program at a time. You will need to make some changes to addrspace.h, and addrspace.cc in order to
conver
t the system from
uniprogramming to

multiprogramming. You will need to:

a.

Come up with a way of allocating physical memory frames so that multiple programs can be
loaded into memory at once.

b.

Provide a way of copying data to/from the kernel from/to the user’s

virtual address space.

c.

Properly handling freeing address space when a user program finishes.

d.

It is very important to alter the user program loader algorithm such that it handles frames of
information. Currently, memory space allocation assumes that a proc
ess is loaded into a
contiguous section of memory. Once multiprogramming is active, memory will no longer
appear contiguous in nature. If you do not correct the routine, it is most likely that loading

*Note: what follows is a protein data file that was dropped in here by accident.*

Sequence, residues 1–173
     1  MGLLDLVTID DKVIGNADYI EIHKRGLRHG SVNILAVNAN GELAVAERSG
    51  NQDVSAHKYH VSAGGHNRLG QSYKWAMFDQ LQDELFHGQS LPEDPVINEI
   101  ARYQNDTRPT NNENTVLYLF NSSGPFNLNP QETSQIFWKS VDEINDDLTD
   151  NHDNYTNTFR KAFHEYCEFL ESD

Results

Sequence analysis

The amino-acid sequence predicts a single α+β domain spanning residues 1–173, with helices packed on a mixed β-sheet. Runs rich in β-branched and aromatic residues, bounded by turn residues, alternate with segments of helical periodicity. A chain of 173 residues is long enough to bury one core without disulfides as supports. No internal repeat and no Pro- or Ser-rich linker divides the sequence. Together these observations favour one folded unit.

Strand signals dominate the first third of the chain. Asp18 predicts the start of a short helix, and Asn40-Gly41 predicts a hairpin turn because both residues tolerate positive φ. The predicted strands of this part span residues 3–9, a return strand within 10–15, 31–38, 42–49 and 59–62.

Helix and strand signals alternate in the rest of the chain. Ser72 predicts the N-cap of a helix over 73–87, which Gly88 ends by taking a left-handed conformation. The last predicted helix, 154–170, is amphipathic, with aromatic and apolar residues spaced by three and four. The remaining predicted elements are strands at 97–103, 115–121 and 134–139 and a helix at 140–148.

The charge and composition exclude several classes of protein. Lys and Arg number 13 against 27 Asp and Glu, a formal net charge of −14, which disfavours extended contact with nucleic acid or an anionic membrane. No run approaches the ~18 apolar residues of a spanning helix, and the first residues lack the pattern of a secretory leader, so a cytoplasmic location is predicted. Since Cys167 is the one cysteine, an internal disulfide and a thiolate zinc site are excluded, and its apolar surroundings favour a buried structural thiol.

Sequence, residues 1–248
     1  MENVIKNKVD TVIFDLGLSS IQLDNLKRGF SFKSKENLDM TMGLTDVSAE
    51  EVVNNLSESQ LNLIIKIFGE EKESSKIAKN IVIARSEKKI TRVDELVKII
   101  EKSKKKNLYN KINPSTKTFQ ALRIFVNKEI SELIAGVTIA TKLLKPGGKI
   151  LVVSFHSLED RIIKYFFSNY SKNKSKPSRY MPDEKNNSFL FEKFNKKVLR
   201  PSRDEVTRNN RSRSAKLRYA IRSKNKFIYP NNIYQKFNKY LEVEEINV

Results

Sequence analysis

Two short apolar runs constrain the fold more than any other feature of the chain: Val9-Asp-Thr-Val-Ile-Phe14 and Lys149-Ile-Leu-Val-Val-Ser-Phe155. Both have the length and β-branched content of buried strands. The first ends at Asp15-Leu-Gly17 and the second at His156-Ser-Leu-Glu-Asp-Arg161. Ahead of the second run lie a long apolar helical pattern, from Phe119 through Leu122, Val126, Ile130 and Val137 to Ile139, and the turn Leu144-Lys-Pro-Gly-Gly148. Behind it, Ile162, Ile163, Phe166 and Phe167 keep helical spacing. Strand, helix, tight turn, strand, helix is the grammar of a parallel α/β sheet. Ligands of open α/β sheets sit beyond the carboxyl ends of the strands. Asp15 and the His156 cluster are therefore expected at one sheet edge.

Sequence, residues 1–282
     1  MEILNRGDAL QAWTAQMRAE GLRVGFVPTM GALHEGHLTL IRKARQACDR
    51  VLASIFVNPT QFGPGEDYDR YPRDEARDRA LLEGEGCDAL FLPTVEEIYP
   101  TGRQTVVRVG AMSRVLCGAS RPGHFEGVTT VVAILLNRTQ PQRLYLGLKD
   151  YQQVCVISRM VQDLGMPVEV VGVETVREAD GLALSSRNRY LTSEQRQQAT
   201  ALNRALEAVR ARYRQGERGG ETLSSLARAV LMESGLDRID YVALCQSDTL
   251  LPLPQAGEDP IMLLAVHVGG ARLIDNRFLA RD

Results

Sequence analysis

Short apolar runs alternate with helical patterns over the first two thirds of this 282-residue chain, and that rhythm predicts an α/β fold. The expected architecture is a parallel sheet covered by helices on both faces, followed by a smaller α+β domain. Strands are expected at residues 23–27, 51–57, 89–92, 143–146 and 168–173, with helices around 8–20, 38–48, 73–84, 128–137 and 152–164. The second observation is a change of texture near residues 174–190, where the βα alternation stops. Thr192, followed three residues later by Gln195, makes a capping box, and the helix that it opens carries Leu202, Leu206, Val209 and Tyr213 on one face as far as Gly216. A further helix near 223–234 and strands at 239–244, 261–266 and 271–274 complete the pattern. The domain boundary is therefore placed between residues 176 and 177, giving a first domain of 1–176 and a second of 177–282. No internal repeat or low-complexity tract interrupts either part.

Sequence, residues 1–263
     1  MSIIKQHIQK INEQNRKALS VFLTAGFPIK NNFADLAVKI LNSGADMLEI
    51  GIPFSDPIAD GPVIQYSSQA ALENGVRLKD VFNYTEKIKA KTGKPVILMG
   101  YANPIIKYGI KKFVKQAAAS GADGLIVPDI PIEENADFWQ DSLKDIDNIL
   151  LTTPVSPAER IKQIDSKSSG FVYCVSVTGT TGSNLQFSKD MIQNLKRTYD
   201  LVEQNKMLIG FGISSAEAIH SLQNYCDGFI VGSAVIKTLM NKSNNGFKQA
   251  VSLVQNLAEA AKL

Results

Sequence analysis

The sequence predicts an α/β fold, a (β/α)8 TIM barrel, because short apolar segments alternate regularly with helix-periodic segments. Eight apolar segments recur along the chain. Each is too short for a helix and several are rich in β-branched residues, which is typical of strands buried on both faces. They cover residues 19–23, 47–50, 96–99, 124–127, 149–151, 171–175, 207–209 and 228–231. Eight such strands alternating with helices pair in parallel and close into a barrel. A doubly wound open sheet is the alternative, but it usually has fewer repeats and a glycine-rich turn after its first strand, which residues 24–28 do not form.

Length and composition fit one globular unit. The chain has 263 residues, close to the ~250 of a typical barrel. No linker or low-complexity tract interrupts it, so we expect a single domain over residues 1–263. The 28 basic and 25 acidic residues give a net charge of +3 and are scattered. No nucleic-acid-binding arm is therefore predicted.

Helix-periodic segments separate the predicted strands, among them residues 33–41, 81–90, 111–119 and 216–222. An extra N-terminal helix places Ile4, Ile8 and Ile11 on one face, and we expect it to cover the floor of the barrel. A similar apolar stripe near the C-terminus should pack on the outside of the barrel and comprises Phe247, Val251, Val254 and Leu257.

another user program will corrupt the operating system.



3.

Implement the
SpaceID Exec(char *name)
system call. Exec starts a new user program running
within a new system thread. You will need to examine the “StartProcess” function in progtest.cc in
order to figure out how to set up user space inside a system th
read. Exec should return

1 on failure,
else it should return the “Process SpaceID” of the user level program it just created. (Note: SpaceIDs
can be kept track of in a similar manner to OpenFileIDs of your project 1, except that you will want
to keep trac
k of them outside the thread.)


4.

Implement the
int Join(SpaceID id)

and
void Exit(int exitCode)